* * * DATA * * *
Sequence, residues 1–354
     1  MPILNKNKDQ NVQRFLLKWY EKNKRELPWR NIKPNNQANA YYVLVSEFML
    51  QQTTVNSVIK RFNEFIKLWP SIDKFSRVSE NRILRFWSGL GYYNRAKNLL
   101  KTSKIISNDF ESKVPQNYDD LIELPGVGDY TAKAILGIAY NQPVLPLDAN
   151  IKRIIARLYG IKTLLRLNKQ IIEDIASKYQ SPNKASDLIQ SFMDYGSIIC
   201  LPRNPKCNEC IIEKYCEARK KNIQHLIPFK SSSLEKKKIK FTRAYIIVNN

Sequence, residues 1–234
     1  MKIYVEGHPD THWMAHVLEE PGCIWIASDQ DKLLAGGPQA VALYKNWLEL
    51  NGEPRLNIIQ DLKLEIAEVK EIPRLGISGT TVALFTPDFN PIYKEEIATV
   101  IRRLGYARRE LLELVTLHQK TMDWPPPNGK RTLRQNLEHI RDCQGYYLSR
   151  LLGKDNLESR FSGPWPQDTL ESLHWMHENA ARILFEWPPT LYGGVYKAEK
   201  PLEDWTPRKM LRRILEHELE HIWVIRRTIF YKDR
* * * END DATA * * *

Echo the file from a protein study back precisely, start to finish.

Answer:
Sequence, residues 1–354
     1  MPILNKNKDQ NVQRFLLKWY EKNKRELPWR NIKPNNQANA YYVLVSEFML
    51  QQTTVNSVIK RFNEFIKLWP SIDKFSRVSE NRILRFWSGL GYYNRAKNLL
   101  KTSKIISNDF ESKVPQNYDD LIELPGVGDY TAKAILGIAY NQPVLPLDAN
   151  IKRIIARLYG IKTLLRLNKQ IIEDIASKYQ SPNKASDLIQ SFMDYGSIIC
   201  LPRNPKCNEC IIEKYCEARK KNIQHLIPFK SSSLEKKKIK FTRAYIIVNN

Sequence, residues 1–234
     1  MKIYVEGHPD THWMAHVLEE PGCIWIASDQ DKLLAGGPQA VALYKNWLEL
    51  NGEPRLNIIQ DLKLEIAEVK EIPRLGISGT TVALFTPDFN PIYKEEIATV
   101  IRRLGYARRE LLELVTLHQK TMDWPPPNGK RTLRQNLEHI RDCQGYYLSR
   151  LLGKDNLESR FSGPWPQDTL ESLHWMHENA ARILFEWPPT LYGGVYKAEK
   201  PLEDWTPRKM LRRILEHELE HIWVIRRTIF YKDR